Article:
Nigerian-American author Nnedi Okorafor was widely respected before she set foot within the comics realm, winning praise and awards for sci-fi and fantasy prose work including Binti, the Akata series and Who Fears Death, which is now in development for an HBO television series. She has won the World Fantasy Award, the Hugo Award and the Nebula Award, and is currently writing Shuri for Marvel Comics, starring Black Panther’s genius sister. LaGuardia, published by Karen Berger’s eponymous imprint at Dark Horse Comics and drawn by frequent Marvel contributor Tana Ford, is Okorafor’s first original comic series. It centers around a pregnant Nigerian-American doctor, Future Nwafor Chukwuebuka, who has just returned to Earth with a smuggled alien plant in tow. In the world of LaGuardia, aliens coexist on Earth, but face many of the same challenges current human immigrants do in establishing themselves in their frequently inhospitable new homes. With the first issue hitting stands December 5th, Paste has an exclusive first look below at Okorafor’s deeply personal afterword about her own travel experience, as well as a peek at Ford’s interior art.
LaGuardia #1 Cover Art by Tana Ford
Coming and Going
By Nnedi Okorafor
I’ve been kicking this story around for over six years.
The first time I ever went to New York City was in 2009 for the Octavia Butler Symposium at Medgar Evers College. I arrived through LaGuardia International Airport. And I left through it, as well.
Two things: 1. What struck me most and immediately about New York was its glorious diversity. You could walk down the street and hear languages, witness customs, find restaurants, see people from all over the world in very close proximity. I prefer quiet less urban places, away from human beings, but this aspect of New York delighted me. 2. I detested LaGuardia Airport. There was barely anywhere to sit, it was ancient in a dirty way, and the construction made getting around confusing and difficult. Over the years, I’ve learned that this construction is never-ending.
Nevertheless, what made the strongest impression on me was the next-level TSA experience I had while leaving through LaGuardia that first time to fly back to Chicago. These days I have locks (less affectionately called “dreadlocks”) that are over four and a half feet long. Back then, they were probably closer to two and a half. I went through the body scanner and was quickly asked to step aside. “Would you like a private room?” the female TSA officer asked. Having no idea why, I said, “Yes.” My large hair bun was first “wanded”. Then I was told to undo my bun, and then the officer proceeded to squeeze each of my thick locks from tip to root. Lastly, she massaged my scalp. It was infuriating, creepy and degrading. And it was not the last time this would happen to me when leaving LaGuardia (and at other airports, both in and outside of the United States).
I walked away from that first experience at LaGuardia furious, but also thinking about many things. About aliens. About people of African descent with our alarm-raising thick African hair. About African immigrants who’d have been kept for more in-depth questioning if they’d had my same amount and type of hair.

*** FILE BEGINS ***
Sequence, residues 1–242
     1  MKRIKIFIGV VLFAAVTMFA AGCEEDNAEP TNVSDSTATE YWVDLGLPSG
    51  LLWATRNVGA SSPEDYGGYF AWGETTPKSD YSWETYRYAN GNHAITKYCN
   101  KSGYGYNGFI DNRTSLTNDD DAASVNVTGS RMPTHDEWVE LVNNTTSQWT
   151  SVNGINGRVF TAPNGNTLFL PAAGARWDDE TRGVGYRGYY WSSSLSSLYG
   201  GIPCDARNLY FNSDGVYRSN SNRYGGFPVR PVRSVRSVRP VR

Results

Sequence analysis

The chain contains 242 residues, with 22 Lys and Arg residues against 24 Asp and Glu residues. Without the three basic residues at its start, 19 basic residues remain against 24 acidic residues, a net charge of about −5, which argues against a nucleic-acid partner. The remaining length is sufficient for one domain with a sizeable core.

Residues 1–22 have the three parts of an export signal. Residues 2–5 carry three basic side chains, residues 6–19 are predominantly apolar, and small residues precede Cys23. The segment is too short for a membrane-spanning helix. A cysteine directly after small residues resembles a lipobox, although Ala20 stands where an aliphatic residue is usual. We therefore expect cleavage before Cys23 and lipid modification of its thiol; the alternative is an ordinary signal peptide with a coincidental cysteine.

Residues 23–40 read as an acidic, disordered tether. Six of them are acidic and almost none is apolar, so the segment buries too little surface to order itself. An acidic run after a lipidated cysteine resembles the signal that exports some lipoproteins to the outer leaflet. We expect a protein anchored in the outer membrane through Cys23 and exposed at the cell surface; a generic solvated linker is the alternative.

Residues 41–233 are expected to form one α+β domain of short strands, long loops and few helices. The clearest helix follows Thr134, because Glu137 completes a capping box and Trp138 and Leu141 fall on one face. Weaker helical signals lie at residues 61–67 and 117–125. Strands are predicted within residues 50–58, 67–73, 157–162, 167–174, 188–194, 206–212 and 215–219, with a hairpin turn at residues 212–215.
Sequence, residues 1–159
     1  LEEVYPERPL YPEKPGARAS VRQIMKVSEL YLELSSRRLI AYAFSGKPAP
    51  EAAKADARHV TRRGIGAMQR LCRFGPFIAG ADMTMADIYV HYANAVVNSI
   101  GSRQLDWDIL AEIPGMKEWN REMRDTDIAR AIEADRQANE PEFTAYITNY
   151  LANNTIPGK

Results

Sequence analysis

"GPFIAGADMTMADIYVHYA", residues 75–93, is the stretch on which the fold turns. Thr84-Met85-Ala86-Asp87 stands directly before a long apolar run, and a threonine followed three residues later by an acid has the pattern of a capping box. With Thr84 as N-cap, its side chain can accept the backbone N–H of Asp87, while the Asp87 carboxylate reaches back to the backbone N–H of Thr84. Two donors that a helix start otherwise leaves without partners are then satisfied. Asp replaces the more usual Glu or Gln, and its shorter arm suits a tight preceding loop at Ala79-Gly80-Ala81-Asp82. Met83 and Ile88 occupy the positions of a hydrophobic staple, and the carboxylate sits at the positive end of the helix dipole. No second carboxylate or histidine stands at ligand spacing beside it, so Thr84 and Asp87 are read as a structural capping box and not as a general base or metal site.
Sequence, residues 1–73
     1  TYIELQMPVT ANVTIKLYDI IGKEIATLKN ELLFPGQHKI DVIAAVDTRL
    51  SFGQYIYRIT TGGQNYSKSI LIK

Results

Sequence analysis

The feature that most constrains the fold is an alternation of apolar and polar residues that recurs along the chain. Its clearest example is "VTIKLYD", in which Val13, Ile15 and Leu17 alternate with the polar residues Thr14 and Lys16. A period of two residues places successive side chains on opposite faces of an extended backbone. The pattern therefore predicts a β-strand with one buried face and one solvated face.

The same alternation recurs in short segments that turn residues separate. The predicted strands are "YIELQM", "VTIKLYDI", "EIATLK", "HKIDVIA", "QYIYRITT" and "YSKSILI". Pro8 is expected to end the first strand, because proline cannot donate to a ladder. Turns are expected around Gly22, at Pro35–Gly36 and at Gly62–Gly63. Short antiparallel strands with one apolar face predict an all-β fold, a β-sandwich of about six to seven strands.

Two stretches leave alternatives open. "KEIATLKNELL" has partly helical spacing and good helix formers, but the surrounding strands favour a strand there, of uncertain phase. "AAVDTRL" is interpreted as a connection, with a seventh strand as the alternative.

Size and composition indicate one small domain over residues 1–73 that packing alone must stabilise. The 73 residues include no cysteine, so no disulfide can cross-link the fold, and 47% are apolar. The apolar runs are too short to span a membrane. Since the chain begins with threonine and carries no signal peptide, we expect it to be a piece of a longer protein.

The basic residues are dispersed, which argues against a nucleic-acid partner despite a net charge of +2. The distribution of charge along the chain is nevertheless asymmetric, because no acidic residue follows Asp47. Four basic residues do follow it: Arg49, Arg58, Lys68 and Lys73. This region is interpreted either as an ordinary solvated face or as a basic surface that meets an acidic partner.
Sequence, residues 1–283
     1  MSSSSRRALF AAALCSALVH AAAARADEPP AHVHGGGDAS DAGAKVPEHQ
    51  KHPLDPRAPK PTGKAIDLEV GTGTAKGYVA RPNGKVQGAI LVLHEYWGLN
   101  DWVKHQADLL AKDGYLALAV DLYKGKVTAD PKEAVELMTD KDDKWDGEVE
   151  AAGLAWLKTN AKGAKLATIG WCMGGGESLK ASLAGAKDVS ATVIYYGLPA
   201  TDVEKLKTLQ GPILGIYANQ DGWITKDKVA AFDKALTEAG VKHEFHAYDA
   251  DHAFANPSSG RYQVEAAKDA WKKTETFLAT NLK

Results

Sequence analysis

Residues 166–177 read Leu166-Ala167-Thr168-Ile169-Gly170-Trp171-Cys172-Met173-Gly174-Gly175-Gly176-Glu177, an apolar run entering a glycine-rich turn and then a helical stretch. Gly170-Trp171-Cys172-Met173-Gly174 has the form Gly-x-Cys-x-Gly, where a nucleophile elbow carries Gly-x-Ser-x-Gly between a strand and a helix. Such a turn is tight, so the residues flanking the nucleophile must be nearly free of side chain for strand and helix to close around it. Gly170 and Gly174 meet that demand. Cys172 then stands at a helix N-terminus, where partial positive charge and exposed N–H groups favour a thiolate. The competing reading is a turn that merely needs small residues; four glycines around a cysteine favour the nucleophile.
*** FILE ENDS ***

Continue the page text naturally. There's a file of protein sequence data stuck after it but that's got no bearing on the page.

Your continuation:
Hours later, I thought a lot about misdirection and how so much of airport security is just theater to make us feel safer, because when I got home and unpacked, I realized that I’d accidently left my palm-sized pink canister of pepper spray in my carry-on. So while the LaGuardia TSA officer was busy rifling through my hair, the other officers had missed a rather important item. Interesting.
I am the child of recent immigrants, thus my worldview has been shaped by ideas of people who move around, have multiple homes, cultures, have learned to adapt yet retain their identity, and barrel-forth regardless. The Earth is big to me and humanity is diverse. Therefore, when President Trump signed the executive order to implement the infamous travel ban back in January 2017, the America and the general world climate of my story became that much clearer. I especially remember when long-distance runner Mo Farah declared, “Trump has made me an alien” because the ban targeted his country of Somalia. All of this was powerful fodder for what eventually became the LaGuardia series.
I believe in the existence of aliens. I fantasize about how their eventual arrival will force an amazing paradigm and identity shift in humanity and for the entire Earth. I’m an irrational optimist, so I look forward to all this with excitement, anticipation and curiosity. The future portrayed in this series has its problems, but it’s not a dystopia.
LaGuardia is an exploration. It’s pushback, it’s playful shenanigans, it’s looking forward, it’s terrestrially alien and it’s trickster tendencies all rolled up into one narrative. It’s metaphor and it’s literal. I hope you enjoy it.
Nnedimma Nkemdili Okorafor
October 24, 2018
s. I have since gotten Pre-Check and no longer have to endure these invasive inspections. And no, I never again made the epic mistake of leaving pepper spray in my luggage while flying, haha.
LaGuardia #1 Interior Art by Tana Ford
LaGuardia #1 Interior Art by Tana Ford